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Dashchoimbel datsan

Tibetan name: bkra-shis chos-’phel grwa-tshang Mongolian name: Цlzii khutgiin nomiig arwijuulagch

English name: Dashchoimbel monastic school.

Monastic school in the east Dashchoimbel datsan was established as the first Mongolian philosophical school by the 2nd jewtsьndamba khutagt and Manzshir khutagt in 1756 at Doloon Nuur (‘Seven Lakes’, name of a lake in Inner-Mongolia). It was named by the 5th jewtsьndamba khutagt and moved to the Gandan hill in 1837. The philosophical training and practice of the datsan is based on the handbook (igchaa,Tib. yig-cha) by Gьnchin jamiyaan shadaw (Tib. kun-mkhyen 'Jamdbyangs bzhad-pa, 1648-1721). This datsan produced many famous scholars from among the estimated six thousand lamas who have been educated there, such as: Linsrai Gawj Agwaanbaldan (Tib. ngag-dbang dpal-ldan, 1794-1864); khamba nomon khan Agvaankhaidaw (Tib. ngag-dbang mkhas-grub, 1779-1838), who was awarded the rawjambaa (Tib. rab-’byams-pa) degree in Tibet; Damtsigdorj/Damtsagdorj or Bar’ lam/ Bragri lam/ Bragiriin gegeen (Tib. brag-ri bla-ma dam-tshig rdo-rje, 1781-1848); Dandar agramba (1835-1916); Angi Shagdar (1869-1935); and Zawa lam Damdin (Tib. rtsa-ba blama rta-mgrin, 1867-1937). The school’s head bore the title shunlaiw, as in the other monastic schools. According to Sereeter (pp. 57-58.) the main tutelary deity of the temple was Jigjid (Tib. ‘jigs-byed, Skr. Bhairava, epithet of Yamantaka), and its main protector deity was Gombo. Soninbayar mentions (Gandantegchinlen khiid, Shashnii deed surguuliin khurangui tььkh, p. 65.) Sendom (Tib. seng gdong-ma, Skr. Singhamukha, the lion-headed dakini) as well. The following financial units belonged to the temple: Ikh jas, Shiniin naimnii Ganjuuriin jas, Janraisegiin Nьnnain jas, Donchidiin jas, Sanjidiin jas, Datsangiin arawnii Gьnregiin jas, Datsangiin Ganjuuriin jas, Ikh chogiin jas, Mцnkh Erdeniin Ganjuuriin jas, Duiwiin chogiin jas, Megzemiin bьteeliin jas, mцn jio, Dordьwiin jas, Gurawnii Gьnregiin jas, Arwan gurawnii Gьnregiin jas, Dugan bьreesiin jas, Maidariin jas, Mintьgiin nьnnain jas, Mцnkh Dar’ ekhiin jas. The curriculum was divided into 14 classes with each class in the five elementary and four intermediate stages requiring one year of study: the elementary classes covered the study of Pramana, the intermediate classes the topic of Paramita. After nine years study it was possible to take an exam, called domiin damjaa. Then, the lamas continued on to study the four advanced classes, one year for each, covering the Madhyamaka, Abhidharma and a part of the Vinaya. After this, the study of Vinaya, monastic discipline, was studied for a further five to ten years. Those who took a final exam in these special fields of study got the rank of gawj. The names of the 14 classes were the following: elementary studies: khadag (Tib. khadog), shidьw/shidew (Tib. gzhi-sgrub), jumbarai/jьmbri (Tib. rgyu-’bras), yuljin/juljii (Tib. yul-can), dondonju (Tib. don bdun-chu); intermediate studies: ok (gzhung) (Tib.’og-ma), gom 65 (gzhung) (Tib. gong-ma), gawadamba (Tib. skabs-pa dang-po), dom (sdom); advanced: uma sarwa (Tib. dbu-ma gsar-pa), uma ninwa (Tib. dbu-ma rnying-pa), jod (Tib. mdzod), garamba ok (Tib. bka’-rams-pa ‘og-ma); professional level or garamba: garamba gom (Tib. bka’-rams gong-ma). The wooden temple building of Dashchoimbel datsan was situated behind the Gandantegchenlin temple with Gьngaachoilin datsan in its left and Badma yogo datsan in its right side. The datsan was destroyed in 1938. It was rebuilt in 1994 on its original site (see the Current Situation part of this entry).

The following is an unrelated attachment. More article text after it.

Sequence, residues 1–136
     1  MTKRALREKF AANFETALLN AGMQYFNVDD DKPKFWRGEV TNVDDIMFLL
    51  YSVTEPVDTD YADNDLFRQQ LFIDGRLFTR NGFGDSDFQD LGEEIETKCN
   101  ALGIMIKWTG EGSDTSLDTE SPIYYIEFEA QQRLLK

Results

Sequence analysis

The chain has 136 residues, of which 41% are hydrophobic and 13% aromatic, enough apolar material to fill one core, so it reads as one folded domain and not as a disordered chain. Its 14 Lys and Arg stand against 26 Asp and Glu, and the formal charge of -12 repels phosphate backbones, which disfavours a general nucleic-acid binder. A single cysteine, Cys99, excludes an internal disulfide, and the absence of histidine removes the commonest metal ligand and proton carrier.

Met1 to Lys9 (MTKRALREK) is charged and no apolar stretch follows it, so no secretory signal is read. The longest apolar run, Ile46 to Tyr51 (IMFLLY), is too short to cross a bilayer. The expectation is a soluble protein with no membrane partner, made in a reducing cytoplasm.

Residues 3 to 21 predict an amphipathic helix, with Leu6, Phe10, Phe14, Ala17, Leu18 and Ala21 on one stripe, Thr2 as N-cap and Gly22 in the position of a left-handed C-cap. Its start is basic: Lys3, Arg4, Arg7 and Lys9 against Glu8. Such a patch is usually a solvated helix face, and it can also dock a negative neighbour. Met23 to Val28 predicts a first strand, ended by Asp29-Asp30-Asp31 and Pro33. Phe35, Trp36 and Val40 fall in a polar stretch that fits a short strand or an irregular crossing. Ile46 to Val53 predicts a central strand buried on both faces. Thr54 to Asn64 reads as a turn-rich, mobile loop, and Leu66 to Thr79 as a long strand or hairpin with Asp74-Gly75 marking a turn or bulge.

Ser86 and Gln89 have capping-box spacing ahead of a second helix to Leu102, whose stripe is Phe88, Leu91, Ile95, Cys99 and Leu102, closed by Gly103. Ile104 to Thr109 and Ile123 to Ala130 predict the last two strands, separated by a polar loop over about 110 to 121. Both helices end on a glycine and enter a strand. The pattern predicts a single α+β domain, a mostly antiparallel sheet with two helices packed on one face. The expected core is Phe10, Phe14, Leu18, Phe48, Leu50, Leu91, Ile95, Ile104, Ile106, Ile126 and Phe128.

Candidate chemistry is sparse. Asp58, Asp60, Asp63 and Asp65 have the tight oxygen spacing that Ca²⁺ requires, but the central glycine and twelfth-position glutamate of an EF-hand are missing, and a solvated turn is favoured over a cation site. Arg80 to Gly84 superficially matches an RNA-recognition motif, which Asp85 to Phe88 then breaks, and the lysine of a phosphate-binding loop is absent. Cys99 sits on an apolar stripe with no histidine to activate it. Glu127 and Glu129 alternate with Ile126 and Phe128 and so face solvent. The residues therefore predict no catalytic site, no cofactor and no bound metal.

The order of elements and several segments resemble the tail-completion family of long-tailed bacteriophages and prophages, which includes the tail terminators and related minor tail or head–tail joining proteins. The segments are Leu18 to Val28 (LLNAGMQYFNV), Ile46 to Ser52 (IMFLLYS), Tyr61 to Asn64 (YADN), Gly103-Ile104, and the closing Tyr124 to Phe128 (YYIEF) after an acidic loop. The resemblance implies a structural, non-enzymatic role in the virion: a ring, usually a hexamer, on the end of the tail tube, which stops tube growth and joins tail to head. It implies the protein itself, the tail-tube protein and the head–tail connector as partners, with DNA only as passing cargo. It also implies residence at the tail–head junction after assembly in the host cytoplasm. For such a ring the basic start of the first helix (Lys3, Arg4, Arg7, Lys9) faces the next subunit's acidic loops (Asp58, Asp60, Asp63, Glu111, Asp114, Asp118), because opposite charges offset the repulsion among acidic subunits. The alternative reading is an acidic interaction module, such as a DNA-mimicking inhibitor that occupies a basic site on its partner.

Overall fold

Gьngaachoilin datsan Baruun datsan

Tibetan name: kun-dga’ chos gling grwa-tshang Mongolian name: Khotol bayasgalant nomiin sьm

English name: Gьngaachoilin monastic school, Monastic school in the west

This datsan was firstly established by the 4th jewtsьndamba khutagt in 1809 as the second philosophical school of the capital. It was named in 1837 by the 5th jewtsьndamba khutagt. The curriculum of the datsan followed the philosophical view of the famous Tibetan scholar, Wanchin Sodnomdagwa (Tib. pan-chen bsod-nams grags-pa, 1478-1554) based on his commentaries, which were used in Losel Ling monastic school of Drepung monastery in Tibet. This philosophical textbook is called Wanchin igchaa (Tib. pan-chen yig-cha) or Losalin igchaa (Tib. blo-gsal-gling yig-cha). During the years it was active the datsan trained three thousand lamas with such eminent scholars as the jewtsьndamba khutagts, Agwaanrinchen, Darwa Pandita (Darwa bandid / Darba bandida Agwaanchoijordondow, 1870-1923) and Zawa lam Damdin (Tib. rtsa-ba bla-ma rta-mgrin, 1867-1937) completing their studies there. According to Sereeter (pp. 59-60.) the main tutelary deity of the temple was Jigjid, while its main protectors were Lkham (Tib. dpal-ldan lha-mo, Skr. Shridevi) and Dorjshьg (Tib. rdo-rje shugs(-ldan)). The curriculum of the school was divided into 16 classes. One year’s study was required for each of the five elementary classes: khadag (Tib. kha-dog), shidьw/shidew (Tib. gzhi sgrub), dogwa oijin (Tib. ldog-pa ngos-’dzin), jumbrai/jumbarai/jьmbri (Tib. rgyu- ’bras), loirog (Tib. blo-rigs) and the four intermediate: uma nimba (Tib. dbu-ma rnying-pa), uma sarwa (Tib. dbu-ma gsar-pa), dulwa (Tib. ‘dul-ba) and garamba ok (Tib. bka’-rams ‘ogma) and more years in the advanced classes garamba gom (bka’-rams gong-ma). Those who successfully took the final exams in these special fields of study got the scholar ranks of gaaramba and gawj. The following financial units belonged to the datsan: Ikh jas, Dashnyam arawnain jas, Mцnkh Ganjuuriin jas, Altan Ganjuuriin jas, Shiniin negen, Shiniin 8-15-nii Ganjuuriin 3 jas, Mцnkh Gьnregiin jas, Shiniin 8-nii, 15-nii, 22-nii Gьnregiin jas, Lkhan-aa demchogiin jas, Domiin damjaanii jas, Jasaa donchidiin jas, Dordьwiin jas, Mцnkh zuliin jas, Mцnkh Tsedewiin jas, Dьdbiin jas, Maaniin jas, Megzemiin bьteeliin jas, Dalai lamiin pogiin jas, Dar’ ekhiin nьnnain jas, Migjid Janraisegiin bьteeliin jas, Tьmet sakhiusnii jas, Buman Sanjidiin jas, Tseder Lkhamiin jas, Jawdanii jas, Jamjigiin jas, Dorjshьg sakhiusnii jas, Jiin Chagchidiin jas, Mintьgiin jas, Sakhiusnii mцnkh zul, shadshim, zed, manjnii 4 jas, Dugan bьreesiin jas. The wooden temple of Gьngaachoilin datsan was situated behind the Gandantegchenlin temple with Dashchoimbel datsan in its right and Lamrim datsan in its left side. 66 The datsan was destroyed in 1938. One old pillar of the old datsan remained standing. It is now surrounded by prayer-wheels and worshipped by believers. The temple was rebuilt on its original site in 2001. (See the Current Situation part of this entry).